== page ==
In 2015, nearly 23% of all adults had doctor-diagnosed arthritis. The number jumps to 33% of adults if you add in people with symptoms that are consistent with arthritis. Dr. Mark Ciaglia, DO, and Dr. William J. Jordan, MD, at the Woodlands Center for Special Surgery in The Woodlands, Texas, specialize in helping patients with all types of arthritis. They encourage you to get a checkup at the earliest sign of joint pain and stiffness, as timely diagnosis and treatment can slow down disease progression. To schedule an appointment, call the office or book an appointment online today.
Arthritis refers to more than 100 different conditions that all share a common symptom: joint inflammation. Although you can get arthritis in any joint, it frequently affects the knees, wrists, fingers, toes, and hips.
These are the two most common types of arthritis, osteoarthritis, and rheumatoid arthritis:
The most common type of arthritis, osteoarthritis develops gradually from years of wear and tear. The end of each bone in a joint has a cushion of cartilage. As cartilage wears away, the bones can’t move smoothly, which causes pain, swelling, and stiffness.
Over time, bone spurs form that cause further inflammation and pain. In late-stage osteoarthritis, the cartilage completely wears away and bone rubs against bone.
Rheumatoid arthritis is different from osteoarthritis as it’s an autoimmune disorder in which your immune system mistakenly attacks your joints. As a result, the joint becomes inflamed and swollen.
As the disease progresses, ongoing inflammation erodes bones in the joint, causing joint deformity. Rheumatoid arthritis affects the same joint on both sides of your body.
Inflammation from rheumatoid arthritis spreads from joints and into the body in about 40% of patients, causing problems with their skin, eyes, nerves, heart, and other organs.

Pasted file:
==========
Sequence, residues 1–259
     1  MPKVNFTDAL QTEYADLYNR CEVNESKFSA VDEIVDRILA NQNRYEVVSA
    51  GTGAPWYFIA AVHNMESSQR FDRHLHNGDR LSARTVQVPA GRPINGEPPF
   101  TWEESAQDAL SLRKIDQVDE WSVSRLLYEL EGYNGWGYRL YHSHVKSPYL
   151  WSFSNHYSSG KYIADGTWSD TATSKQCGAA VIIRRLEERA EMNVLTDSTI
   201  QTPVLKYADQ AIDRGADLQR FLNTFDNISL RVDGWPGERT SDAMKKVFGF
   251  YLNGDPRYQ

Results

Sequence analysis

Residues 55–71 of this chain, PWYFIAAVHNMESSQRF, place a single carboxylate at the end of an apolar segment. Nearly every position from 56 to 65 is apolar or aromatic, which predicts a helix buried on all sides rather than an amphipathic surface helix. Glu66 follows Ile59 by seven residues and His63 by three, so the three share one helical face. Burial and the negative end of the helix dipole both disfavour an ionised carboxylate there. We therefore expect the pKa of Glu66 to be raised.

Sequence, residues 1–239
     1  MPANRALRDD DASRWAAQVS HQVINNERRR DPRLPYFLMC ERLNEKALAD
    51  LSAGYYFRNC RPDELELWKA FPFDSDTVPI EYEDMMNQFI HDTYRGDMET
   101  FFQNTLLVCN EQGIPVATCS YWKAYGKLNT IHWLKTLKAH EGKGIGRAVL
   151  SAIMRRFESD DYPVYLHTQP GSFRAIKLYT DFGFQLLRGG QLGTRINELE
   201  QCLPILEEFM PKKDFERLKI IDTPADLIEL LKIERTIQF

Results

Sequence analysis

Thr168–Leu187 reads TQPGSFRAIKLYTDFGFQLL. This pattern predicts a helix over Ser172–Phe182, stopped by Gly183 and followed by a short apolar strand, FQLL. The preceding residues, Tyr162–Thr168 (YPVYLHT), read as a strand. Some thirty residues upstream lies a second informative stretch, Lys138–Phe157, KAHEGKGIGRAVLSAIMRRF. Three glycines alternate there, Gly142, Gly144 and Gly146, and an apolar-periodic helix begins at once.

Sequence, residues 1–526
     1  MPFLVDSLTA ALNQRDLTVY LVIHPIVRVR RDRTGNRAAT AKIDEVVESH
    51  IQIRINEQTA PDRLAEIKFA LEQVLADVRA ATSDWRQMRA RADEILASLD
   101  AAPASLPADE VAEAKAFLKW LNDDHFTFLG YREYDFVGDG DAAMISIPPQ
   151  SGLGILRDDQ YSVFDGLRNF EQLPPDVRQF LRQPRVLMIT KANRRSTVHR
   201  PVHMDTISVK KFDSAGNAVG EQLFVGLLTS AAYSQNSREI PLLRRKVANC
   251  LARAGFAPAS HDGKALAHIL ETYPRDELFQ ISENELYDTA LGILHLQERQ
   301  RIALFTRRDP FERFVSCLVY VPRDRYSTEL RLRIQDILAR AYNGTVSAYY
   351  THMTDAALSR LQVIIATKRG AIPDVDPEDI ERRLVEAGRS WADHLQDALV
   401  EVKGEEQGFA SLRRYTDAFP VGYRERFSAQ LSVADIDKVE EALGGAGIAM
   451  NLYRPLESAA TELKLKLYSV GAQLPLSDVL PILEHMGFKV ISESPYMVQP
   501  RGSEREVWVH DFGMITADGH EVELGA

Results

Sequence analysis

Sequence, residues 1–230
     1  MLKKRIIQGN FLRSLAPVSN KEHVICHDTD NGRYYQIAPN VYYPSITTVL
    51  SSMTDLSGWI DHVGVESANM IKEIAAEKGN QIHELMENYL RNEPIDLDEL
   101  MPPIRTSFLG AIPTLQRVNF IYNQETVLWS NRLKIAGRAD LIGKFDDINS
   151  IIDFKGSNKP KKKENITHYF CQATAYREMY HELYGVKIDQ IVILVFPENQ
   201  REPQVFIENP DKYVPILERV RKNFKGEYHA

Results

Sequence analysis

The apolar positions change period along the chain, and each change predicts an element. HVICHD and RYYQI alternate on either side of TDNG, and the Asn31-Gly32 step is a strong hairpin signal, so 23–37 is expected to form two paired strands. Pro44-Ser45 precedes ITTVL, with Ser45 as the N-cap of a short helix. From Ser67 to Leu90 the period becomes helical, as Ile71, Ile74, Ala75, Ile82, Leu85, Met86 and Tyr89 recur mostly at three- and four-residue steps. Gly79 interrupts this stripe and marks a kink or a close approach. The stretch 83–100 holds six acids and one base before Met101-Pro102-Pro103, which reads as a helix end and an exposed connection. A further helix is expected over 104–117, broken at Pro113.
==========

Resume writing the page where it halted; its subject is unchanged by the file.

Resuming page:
About 12% of all cases of osteoarthritis develop when a joint injury leads to cartilage degeneration, known as post-traumatic arthritis (PTOA).
If you’re a younger adult, you’re more likely to develop PTOA. Even if you don’t develop PTOA, suffering joint trauma as a young adult increases the risk of developing osteoarthritis when you’re older.
Osteoarthritis and rheumatoid arthritis both benefit from exercise and physical therapy, which helps to relieve joint pain, reduce stiffness, and maintain your range of motion. Your doctor at the Woodlands Center for Special Surgery helps you learn to recognize when it’s safe to push through your pain and when pain is a sign to stop and rest.
Nonsteroidal anti-inflammatory drugs and topical treatments can help relieve your pain. Your doctor may recommend intra-articular injections such as corticosteroids to reduce inflammation, or hyaluronic acid to lubricate bones.
When you have rheumatoid arthritis, it’s important to take medications that slow down disease progression and help keep the disease in remission. Ultimately, you may need surgery to replace the joint or restore function to a damaged joint.
At the Woodlands Center for Special Surgery, the doctors offer one of today’s most innovative treatments, platelet-rich plasma (PRP) injections. PRP is often used to help restore damaged joint tissues and speed up healing.
If your joints are painful and stiff, call the Woodlands Center for Special Surgery or book an appointment online today.